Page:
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Understanding, then avoiding in-service failures linked to the use of the squeeze-off flow stopping technique

 

Papers # 2010 Vancouver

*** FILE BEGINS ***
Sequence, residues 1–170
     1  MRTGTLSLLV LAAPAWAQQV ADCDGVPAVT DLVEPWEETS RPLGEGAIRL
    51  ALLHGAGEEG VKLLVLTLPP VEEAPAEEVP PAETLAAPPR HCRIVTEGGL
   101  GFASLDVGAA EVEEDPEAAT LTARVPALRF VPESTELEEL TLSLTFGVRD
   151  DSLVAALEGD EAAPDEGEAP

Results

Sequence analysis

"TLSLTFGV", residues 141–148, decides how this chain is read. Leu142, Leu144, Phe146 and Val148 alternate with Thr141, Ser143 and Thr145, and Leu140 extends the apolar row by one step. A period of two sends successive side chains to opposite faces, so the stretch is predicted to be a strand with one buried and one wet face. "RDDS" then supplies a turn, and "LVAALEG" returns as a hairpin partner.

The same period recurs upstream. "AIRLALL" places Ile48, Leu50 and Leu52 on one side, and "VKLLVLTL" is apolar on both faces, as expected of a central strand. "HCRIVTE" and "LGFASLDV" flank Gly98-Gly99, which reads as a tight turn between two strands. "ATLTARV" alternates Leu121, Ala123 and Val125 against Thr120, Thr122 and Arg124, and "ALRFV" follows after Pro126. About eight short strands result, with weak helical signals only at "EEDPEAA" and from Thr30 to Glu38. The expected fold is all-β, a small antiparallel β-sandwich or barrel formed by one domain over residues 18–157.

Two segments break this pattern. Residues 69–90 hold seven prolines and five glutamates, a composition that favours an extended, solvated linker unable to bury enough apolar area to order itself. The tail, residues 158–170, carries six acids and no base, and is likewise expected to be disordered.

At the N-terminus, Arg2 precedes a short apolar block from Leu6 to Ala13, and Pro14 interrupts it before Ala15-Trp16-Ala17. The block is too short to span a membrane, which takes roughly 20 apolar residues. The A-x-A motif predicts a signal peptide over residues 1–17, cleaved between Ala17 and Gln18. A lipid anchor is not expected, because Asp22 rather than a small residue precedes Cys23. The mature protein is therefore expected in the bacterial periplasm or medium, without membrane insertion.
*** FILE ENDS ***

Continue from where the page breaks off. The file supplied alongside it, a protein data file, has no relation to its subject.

Polyethylene pipes are widely used across the utilities sector for the safe, reliable, transportation of gas or water under pressure. The success of the material in being adopted is partly due to the ability to treat it as an engineering polymer whose properties and failure modes are well understood, predictable, and in the case of failure designed out of field installations. In the recent past, a new failure mode has been observed on field installations made in the United Kingdom, manifesting itself during the application of the squeeze off flow-stopping technique. Type testing of materials and their suitability for use with the squeeze-off technique concentrates on the performance of the seal made (measurement of let-by rates), and on the effect on long term failure modes – ductile strength and also the onset of stress crack related failures in particular. This additional mode is evident during the initial application of the squeeze tool and manifests itself as a ductile tear, either partial or full through the pipe wall adjacent the squeeze point. This has been investigated and probable root causes established, together with preventative measures that can be taken to avoid in-service failures – key to maintaining an enviable track record of predictable performance.

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